As was considered by Betz, the power coefficient as originally defined agrees with the definition of efficiency for a device that extracts work from a given amount of energy. Thus, for the bare wind turbine, the maximum efficiency that could be extracted is actually given by the Betz limit. The effect of friction on wind turbine efficiency, as was expressed through the power coefficient, decreases with friction. A similar observation could be stated for the shrouded wind turbine if we use the definition as given by equation (22). Accordingly, the Betz limit is exceeded, that is, the shrouded wind turbine produces more power, but the amount of energy extracted per unit of volume with a shroud is the same as for an ordinary bare wind turbine. These results were found to be in agreement with results observed in [Van Bussel, 2007]. The efficiency of maximum power output that was observed by the finite time analysis was approximately 36%, which is comparable to experimental findings [14]. When compared to heat engines, the efficiency of the wind turbine could be expressed in terms of the Betz number by using equation (23). If the Betz number is substituted, the efficiency could be approximated as 47%, but if the other factors are taken into account, the practical efficiency could reach much lower values.

Figure 10.

Thrust coefficient for the shrouded wind turbine as a function of parameter a, accounting for frictional losses and for augmentation coefficient CF, with different values.

4. Wind turbine arrangements

One could suggest ideas to increase power extraction from the wind, thus decreasing the overall cost. One suggestion is the bottoming wind turbine; another is the flower leaves arrangement of wind turbines. Both are discussed in the following sections.

4.1. Bottoming wind turbines

According to Betz, the maximal power extraction efficiency is 16/27. If it is possible to extract energy from the downstream expelled air, assuming the same limit exists, one could estimate an extra amount of 11/27*16/27 which is approximately 24%. This estimate suggests adding a smaller bottoming rotor behind the main larger rotor. The idea of the bottoming wind turbine is depicted schematically in Figure 12.

Figure 11.

Power and coefficients for the shrouded wind turbine as a function of the thrust coefficient, accounting for frictional losses and for augmentation coefficient CF, with different values.

Figure 12.

Schematics of the bottoming wind turbine idea. The main rotor is the first to intercept the airflow. Outlet air is then directed to the secondary rotor. The attractiveness of this idea is to gain more output with the same tower installation, reducing the inherently larger cost of erecting multiple towers.

4.2. Flower leaves arrangement of wind turbines

Considering the shrouded wind turbine as being a relatively small device is given (sometimes called flower power while searching the web), one could suggest installing different devices on the same tower. Such an arrangement reduces the cost of the installation. The idea is depicted schematically in Figure 13.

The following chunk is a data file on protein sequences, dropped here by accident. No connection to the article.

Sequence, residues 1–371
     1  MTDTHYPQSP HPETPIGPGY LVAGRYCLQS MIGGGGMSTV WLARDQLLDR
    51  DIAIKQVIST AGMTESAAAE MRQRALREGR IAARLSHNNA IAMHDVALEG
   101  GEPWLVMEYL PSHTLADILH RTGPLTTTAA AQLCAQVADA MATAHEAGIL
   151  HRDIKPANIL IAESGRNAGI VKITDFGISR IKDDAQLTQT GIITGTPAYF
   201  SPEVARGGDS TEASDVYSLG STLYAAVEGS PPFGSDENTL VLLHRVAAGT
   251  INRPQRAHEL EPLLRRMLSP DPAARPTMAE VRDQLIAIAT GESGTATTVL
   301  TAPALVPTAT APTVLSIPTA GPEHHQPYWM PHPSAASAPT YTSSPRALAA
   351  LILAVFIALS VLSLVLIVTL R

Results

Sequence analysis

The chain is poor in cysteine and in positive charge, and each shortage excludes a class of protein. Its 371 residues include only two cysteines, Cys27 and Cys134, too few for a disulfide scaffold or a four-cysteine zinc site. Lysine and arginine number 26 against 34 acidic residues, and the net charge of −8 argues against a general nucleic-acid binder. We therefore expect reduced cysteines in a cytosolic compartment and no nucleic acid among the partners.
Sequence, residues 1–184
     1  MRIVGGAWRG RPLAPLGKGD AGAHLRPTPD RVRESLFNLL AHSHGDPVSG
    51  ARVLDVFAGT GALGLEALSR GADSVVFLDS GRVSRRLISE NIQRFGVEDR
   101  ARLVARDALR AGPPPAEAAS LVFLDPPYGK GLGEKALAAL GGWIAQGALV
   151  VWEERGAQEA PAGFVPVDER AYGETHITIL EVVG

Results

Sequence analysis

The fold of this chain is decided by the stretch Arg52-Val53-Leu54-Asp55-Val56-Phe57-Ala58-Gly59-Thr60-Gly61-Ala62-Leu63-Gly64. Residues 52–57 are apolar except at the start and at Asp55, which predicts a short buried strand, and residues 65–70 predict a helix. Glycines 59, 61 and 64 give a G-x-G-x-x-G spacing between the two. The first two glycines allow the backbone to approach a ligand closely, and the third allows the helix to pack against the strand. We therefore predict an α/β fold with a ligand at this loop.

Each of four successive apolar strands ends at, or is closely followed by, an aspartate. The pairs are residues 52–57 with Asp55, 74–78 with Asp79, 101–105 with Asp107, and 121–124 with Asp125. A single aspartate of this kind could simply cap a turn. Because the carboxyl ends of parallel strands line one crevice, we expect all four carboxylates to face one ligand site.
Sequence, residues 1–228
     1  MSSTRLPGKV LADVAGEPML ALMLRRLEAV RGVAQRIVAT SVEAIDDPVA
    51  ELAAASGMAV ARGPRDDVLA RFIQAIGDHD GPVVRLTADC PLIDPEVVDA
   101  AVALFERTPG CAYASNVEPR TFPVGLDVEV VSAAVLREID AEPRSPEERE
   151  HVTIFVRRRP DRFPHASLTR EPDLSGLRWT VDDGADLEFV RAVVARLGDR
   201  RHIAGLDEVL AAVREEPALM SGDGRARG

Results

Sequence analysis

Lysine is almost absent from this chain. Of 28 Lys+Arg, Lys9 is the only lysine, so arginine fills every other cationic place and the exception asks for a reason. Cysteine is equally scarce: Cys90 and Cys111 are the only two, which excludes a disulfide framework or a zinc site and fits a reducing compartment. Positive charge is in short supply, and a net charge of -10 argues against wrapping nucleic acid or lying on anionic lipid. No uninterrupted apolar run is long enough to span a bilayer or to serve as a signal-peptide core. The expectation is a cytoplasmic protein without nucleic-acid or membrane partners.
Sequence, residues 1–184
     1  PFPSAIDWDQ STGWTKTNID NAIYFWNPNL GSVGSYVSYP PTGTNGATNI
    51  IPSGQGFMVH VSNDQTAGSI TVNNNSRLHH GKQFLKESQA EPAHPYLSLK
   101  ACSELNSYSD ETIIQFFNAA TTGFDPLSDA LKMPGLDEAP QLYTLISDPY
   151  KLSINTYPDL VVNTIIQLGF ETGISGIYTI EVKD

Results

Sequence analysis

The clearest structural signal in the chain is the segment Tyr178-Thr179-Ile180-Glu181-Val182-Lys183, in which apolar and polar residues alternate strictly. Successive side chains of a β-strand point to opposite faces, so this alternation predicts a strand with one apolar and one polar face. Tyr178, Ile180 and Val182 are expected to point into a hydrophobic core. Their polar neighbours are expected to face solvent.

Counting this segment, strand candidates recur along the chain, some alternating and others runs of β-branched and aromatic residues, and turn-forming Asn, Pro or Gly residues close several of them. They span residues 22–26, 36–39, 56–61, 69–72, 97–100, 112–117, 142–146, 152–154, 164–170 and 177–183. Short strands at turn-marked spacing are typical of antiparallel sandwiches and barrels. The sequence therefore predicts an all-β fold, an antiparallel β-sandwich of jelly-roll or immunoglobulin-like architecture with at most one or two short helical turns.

Figure 13.

Schematics of flower leaves arrangement of wind turbines. Because they are small devices, it should be possible to install more of these shrouded systems on a single tower. While the concept of reducing installation costs is similar to that of the bottoming wind turbine, the attractiveness of the flower leaves configuration is that many smaller turbines can be accommodated on a single tower, with significant cost reductions.

5. Summary and conclusions

In this study, wind turbine power was reconsidered. At the beginning, a literature review was given with relation to the potentiality of wind power, worldwide applications of wind power, and different factors that affect the performance of wind turbines, especially those related to one-dimensional modeling of the flow through the wind turbine. Later, different models were addressed, taking into account the effect of friction, which is usually neglected in the literature. In this study, friction is modeled to be proportional to the square of the velocity of the air crossing the wind turbine blades. The bare wind turbine model and the shrouded wind turbine model were analyzed based on the following balance equations: the mass balance equation, the momentum balance equation, and the energy balance equation that is exposed in the form of an extended (modified) Bernoulli equation. Through the analysis it was observed that both the power coefficient and the thrust coefficient degrade with friction. As was noticed in previous studies, the power coefficient given by the Betz number is the efficiency of the wind turbine (originally derived for the bare wind turbine). Following the same type of definition, a similar expression for the shrouded wind turbine could be derived. In a different approach, the wind turbine could be analyzed using finite time methods, as was given by [14]. In this study, the results were briefly summarized.

The well-known golden ratio usually is considered as a measure of beauty. It is interesting to notice that the Betz number differs from the golden ratio by only 4% (0.618 compared to 16/27=0.593).

In an effort to explain the discrepancy between theoretical efficiency and practical or measured efficiencies, different factors that affect the extraction of wind power are considered. These include mechanical friction, conversion efficiency to electricity, and blockage efficiency, which accounts for the blocked amount of air (usually is not mentioned in the literature), thus reducing the power output.

Finally, plots were given to suggest ways of assembling wind turbines to gain more of wind power for each tower installation.

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Mahmoud Huleihil and Gedalya Mazor (November 21st 2012). Wind Turbine Power: The Betz Limit and Beyond, Advances in Wind Power, Rupp Carriveau, IntechOpen, DOI: 10.5772/52580. Available from: